Impatient, Meyers poked at the speaker button on the front console: “Bring him out. Fast!”

Carlson shrugged. “Maybe the rest of them can recover the integrity of the ritual.” He didn’t sound too optimistic.

The chaos below was not encouraging. Hooded figures lost their cool confidence when they noticed the ceremony was actually working. A few of them started to scream, their cries so loud Watkins almost worried they’d be audible outside the concrete building.

And what had the commander hoped Deitrich might accomplish? The little guy tried to herd people back into place and restore order, but everyone ignored him. Three sat on the floor and cried like babies. Several ran to the edges of the auditorium; one pressed random numbers into the keypad that locked the exit door. Watkins wondered if they could see more in that darkness than he could from the relative safety of the control room.  Perhaps there was something in the auditorium, in the air itself, that added to their terror.

When Deitrich moved to The Creep’s side, tried to pull him away from the pentagram’s edge, he wouldn’t budge. The highly recommended sorcerer…reduced to a useless, rigid scarecrow.

The Creep shouldn’t have been broken. At least, he wasn’t that morning when they brought him in, when they tested all thirteen “occult specialists” on the Efficiency Abacus, a patented contraption that predicted infection. It looked like a puzzle, complete with sliding levers and spring‑loaded triggers. If you completed a complex series of motions without breaking the device, you were probably “clear.” Probably.

Most likely, The Creep had contracted it today. Right in the middle of the ceremony.

And now the darkness tightened. Threads of black wove themselves together, flattened and glistened like a diver’s wetsuit.

A large leg stretched and tore out of the black casing. It was covered with hair and tapered to a hoof as big as a shoebox.

The darkness shrugged and fell to the ground. A large shape remained standing, an obscene pile that began to stretch its four flabby arms.

Was this, Watkins thought, was this the image of what has gone wrong in the world? It’s a horrible mess, a travesty of creation. It was the size and shape of an obese grizzly bear, its face the strange blues, reds, and grays of a baboon, with obscene, sensual, fish‑like lips. The torso was covered with scabby plates that cracked apart in the rolls of fat. Each muscular arm ended in a domed shell with a slimy black underside, as if the demon wore giant snails instead of gloves.

The horrible scene below seemed distant and unreal. Carlton spoke as if he whispered to a row of friends in a movie theater. “It shouldn’t be able to step outside the pentagram.”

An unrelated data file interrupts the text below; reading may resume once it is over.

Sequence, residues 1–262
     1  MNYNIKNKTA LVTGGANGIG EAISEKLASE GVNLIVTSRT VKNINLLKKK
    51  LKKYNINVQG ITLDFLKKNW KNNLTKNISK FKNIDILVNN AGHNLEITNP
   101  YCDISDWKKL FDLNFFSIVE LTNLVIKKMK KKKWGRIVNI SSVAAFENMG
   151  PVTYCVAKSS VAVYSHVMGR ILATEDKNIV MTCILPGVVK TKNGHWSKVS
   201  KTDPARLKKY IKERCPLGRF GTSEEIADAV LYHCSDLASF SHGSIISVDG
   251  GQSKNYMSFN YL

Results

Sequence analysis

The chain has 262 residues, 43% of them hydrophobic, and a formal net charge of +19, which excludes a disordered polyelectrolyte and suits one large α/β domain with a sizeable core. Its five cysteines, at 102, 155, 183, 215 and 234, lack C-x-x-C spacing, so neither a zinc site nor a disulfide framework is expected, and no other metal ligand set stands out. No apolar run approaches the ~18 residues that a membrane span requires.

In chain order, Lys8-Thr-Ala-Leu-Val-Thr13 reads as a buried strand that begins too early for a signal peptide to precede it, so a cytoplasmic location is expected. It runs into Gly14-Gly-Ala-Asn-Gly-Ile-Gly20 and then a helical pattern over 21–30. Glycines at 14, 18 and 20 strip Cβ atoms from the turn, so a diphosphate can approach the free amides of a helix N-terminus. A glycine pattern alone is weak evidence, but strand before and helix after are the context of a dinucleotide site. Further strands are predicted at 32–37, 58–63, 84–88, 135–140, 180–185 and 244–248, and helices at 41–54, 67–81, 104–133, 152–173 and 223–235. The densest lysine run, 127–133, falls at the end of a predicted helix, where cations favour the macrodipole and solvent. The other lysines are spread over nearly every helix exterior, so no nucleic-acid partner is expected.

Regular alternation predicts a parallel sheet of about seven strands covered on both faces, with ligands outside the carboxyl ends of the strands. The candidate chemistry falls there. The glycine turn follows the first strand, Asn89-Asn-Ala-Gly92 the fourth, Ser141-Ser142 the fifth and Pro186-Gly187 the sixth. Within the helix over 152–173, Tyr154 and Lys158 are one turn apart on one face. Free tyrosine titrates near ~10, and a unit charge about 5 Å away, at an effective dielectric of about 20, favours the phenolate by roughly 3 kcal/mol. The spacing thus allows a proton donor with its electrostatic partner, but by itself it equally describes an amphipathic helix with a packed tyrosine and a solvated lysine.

The demon responded in a low, mechanical voice. “True. If the pentagram’s been done correctly.” A wet hoof slimed over the edge of the chalk outline, smeared it outward. “It wasn’t.”

Myers jumped forward, rolled Hilliard’s chair away from the control panel. “Christ, lock it down!” He entered a key‑code and pressed a red button. In response, a geared mechanism began to grind. The metal stairs slid away from the entrance to the observation booth.

Now the demon couldn’t get up to them via the stairs.

“What about Deitrich?” Hilliard asked. He swiveled in his chair, waived his arms in disbelief. “And why isn’t there some weapon power here?”

Meyers ignored him, picked up the phone to call for reinforcements.

“We didn’t expect anything to happen,” Watkins said. “Did you?”

“There’s about 300 people outside,” Meyers said into the telephone.

Watkins looked at the names on his clipboard. If he’d bothered to match all of these names to faces — if he could see their features beneath the hoods, their bodies snapped and crumpled inside their sackcloth robes — he could have crossed out each of their names in turn as they were destroyed.

#

[…continued in December 9 entry…]

December 7

The Manifestation (Part 6)

 

Jake McNaughton moved a plastic‑sleeved copy of Sticky Fingers to the front of his display table. He’d priced it higher than it was worth, not really hoping to sell it. It was a good eye‑catcher that lured nostalgic baby boomers to his table: they wouldn’t fork over sixty dollars for a Rolling Stones classic on vinyl, but after looking at it for a while they might plop down two bucks for something by Journey or, God forbid, Quiet Riot.

Most of the people who bought rock on vinyl no longer owned turntables. They bought strictly for the sweet memory of flashy cardboard covers, grooved plastic held gingerly by the edges, a needle dropped with nervous precision near the start of a favorite song. They’d slide a record out of the paper sleeve once in a while, spin it on air . . . then stream a pirated “Best of” collection by the same artist.

Jake’s profits from rock or pop records came from the quantity. Most people visited the rummage sale to spend a quick five or ten, and he had plenty of things in that price range. For the real quality sales, he needed the true collectors and the vinyl purists.

An old Miles Davis classic, or a good‑condition philharmonic of a Mozart symphony — yeah, those babies could draw the checkbooks out. Jake didn’t accept the idea that sound had a color, that the vinyl brought out a “warm” tone you could only get from analog recordings played through tube speakers. He preferred digital with its easier storage and as clean a sound as any human ear could really detect. But plenty of his regular customers believed analog recordings were superior, and that attitude helped keep him in business.